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I am often asked why I don’t pass on to young people what I have accomplished ovet the years. Actually, I would like very much to do so. Ninety-nine percent of those who worked as my assistant directors have now become directors in their own right. But I don’t think any of them took the trouble to learn the most important things.’1

I don’t really like talking about my films. Everything I want to say is in the film itself; for me to say anything more is, as the proverb goes, like “drawing legs on a picture of snake.” But from time to time and idea I thought I had conveyed in the film does not seem to have been generally understood. On those occasions I do feel an urge to talk about my work. Nevertheless, I try not to. If what I have said in my film is true, someone will understand.’2

It seems that, no matter what is happening to me in my personal life, I am always thinking about my work without even knowing it. The phenomenon resembles some kind of karma. In fact, my having become a film director, and having perserved in this profession thus far, really must be either a reward or a punishment for something I did in a former life.’2

It is quite enough if a human being has but one thing where he is strong. If a human being were strong in everything it wouldn’t be nice for other people, would it?’3

As if Japan weren’t small enough to begin with, I fail to understand why it is necessary to think of it in even smaller units. No matter where I go in the world, altough I can’t speak any foreign language, I don’t feel out of place. I think of the earth as my home. If everyone thought this way, people might notice how foolish international friction is, and they would put an end to it. We are, after all, at a point where it is almost narrow-minded to think merely in geocentric terms. Human beings have launched satellites into outer space, and yet they still grovel on earth looking at their own feet like wild dogs. What is to become of our planet?’2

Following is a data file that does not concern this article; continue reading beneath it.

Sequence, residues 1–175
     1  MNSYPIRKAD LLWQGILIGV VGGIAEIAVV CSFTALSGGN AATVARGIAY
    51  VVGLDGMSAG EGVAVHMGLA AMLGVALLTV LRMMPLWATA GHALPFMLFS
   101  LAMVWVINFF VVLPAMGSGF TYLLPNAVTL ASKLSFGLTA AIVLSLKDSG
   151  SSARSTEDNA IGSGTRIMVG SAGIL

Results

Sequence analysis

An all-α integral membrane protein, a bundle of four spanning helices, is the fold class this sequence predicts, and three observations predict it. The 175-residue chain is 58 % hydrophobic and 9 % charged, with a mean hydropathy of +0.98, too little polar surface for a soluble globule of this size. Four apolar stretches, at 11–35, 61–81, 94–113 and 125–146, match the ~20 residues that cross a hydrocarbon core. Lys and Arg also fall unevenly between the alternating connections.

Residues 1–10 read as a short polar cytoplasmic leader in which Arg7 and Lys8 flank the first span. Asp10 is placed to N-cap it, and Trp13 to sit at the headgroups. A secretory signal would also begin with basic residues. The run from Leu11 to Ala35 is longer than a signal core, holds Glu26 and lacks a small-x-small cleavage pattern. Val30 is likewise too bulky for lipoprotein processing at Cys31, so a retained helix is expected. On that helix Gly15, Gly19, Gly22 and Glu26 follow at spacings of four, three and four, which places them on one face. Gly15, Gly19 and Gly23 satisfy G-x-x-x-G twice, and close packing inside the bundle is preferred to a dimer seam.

…But there was an even more ridiculous incident [in my childhood]. They told us not to drink the water from one of our neighborhood wells. The reason was that the wall surrounding the well had some kind of strange notation written on it in white chalk. This was supposedly a Korean code indication that the well water has been poisoned. I was flabbergasted. The truth was that the strange notation was a scribble I myself had written. Seeing adults behaving like this, I couldn’t help shaking my head and wondering what human beings are all about.’2

There is nothing that says more about its creator than the work itself.’2

If a meaningless person says something is meaningless, that’s probably proof that it isn’t meaningless; and if a boring person says something is boring, that’s probably proof that it’s interesting.’2

Perhaps it is the power of memory that gives rise to the power of imagination.’2


1 These notes were published by Toho Company Ltd. in 1975 as advice to young people considering a career in filmmaking. They are taken from: Kurosawa, Akira. Something Like an Autobiography. Translated by audie E. Bock. Vintage Books, 1983.

2 These are taken from: Kurosawa, Akira. Something Like an Autobiography. Translated by audie E. Bock. Vintage Books, 1983.

3 These notes are taken from: Richie, Donald. The Films of Akira Kurosawa. University of California Press, 1996.